2. Not long ago you celebrated the first centenary of the arrival of the Gospel in Tanzania. That event, a cause of much joy for all the faithful, helps us to recognize the generosity of God, who has already brought forth in your midst such abundant fruits of justice and holiness. Special tribute is due to the missionaries of the past who worked so tirelessly to build up the People of God in your land. In our own day they have worthy successors who have likewise left home and family in order to offer you their indispensable assistance in spreading the Kingdom of God (Cf. John Paul II, Redemptoris Missio RMi 65-66). The Gospel must still be preached to the millions among you who have not yet heard it, and it must be proclaimed anew to those who have already learned of Christ but have yet to allow his word to take deep root in their lives. It is fitting that responsibility for this noble task is passing ever more fully into the hands of Tanzania’s native clergy, Religious and laity, especially the catechists, and I share your joy in their readiness to be missionaries in their homeland.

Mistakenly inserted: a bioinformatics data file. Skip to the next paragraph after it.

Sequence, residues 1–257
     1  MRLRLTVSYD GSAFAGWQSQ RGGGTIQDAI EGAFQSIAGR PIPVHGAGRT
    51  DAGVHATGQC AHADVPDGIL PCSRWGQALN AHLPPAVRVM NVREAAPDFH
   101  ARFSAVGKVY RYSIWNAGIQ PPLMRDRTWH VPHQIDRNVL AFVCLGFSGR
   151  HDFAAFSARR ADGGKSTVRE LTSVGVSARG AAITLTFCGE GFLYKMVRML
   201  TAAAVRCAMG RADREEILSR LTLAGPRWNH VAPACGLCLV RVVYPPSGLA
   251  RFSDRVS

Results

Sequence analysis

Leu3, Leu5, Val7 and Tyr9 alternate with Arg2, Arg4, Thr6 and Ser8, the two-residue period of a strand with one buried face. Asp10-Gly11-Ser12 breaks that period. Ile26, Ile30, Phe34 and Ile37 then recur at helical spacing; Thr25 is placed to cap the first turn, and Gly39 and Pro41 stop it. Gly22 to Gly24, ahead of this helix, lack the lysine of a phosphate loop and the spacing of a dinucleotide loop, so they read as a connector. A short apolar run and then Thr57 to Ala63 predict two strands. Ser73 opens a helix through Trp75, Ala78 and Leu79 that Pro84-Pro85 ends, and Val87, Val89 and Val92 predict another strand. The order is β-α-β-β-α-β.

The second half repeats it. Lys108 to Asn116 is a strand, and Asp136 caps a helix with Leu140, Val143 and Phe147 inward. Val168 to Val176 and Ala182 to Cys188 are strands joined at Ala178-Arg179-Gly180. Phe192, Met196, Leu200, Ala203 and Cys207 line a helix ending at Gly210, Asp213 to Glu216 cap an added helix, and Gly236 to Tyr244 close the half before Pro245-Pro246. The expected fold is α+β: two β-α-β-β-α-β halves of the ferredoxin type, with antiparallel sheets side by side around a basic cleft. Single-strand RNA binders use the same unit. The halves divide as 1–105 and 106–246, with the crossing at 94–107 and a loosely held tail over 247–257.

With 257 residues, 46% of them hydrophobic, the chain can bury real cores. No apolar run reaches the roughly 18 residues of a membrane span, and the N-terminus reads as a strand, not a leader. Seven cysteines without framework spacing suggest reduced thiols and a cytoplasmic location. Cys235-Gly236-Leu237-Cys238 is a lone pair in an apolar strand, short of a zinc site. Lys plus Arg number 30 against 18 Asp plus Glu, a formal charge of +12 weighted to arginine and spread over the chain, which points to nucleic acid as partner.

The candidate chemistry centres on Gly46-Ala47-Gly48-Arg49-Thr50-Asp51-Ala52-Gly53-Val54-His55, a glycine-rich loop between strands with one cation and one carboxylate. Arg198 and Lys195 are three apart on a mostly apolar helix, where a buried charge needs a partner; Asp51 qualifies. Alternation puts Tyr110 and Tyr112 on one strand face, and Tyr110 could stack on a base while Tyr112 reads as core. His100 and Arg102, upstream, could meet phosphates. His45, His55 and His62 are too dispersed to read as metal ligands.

3. The urgency of fulfilling Christ’s command to "make disciples of all nations" (Mt 28,19) is the basis for the mention in many of your quinquennial reports of the scarcity of labourers to take up the work of evangelization. Even the present abundance of Tanzanian vocations to the priesthood and religious life – for which I join you in thanking the Lord of the harvest – are not enough. You and your communities must continue to pray for this intention (Cf. ibid., 9:38) with sure confidence in the Lord, "who desires all men to be saved and to come to the knowledge of the truth" (1Tm 2,4).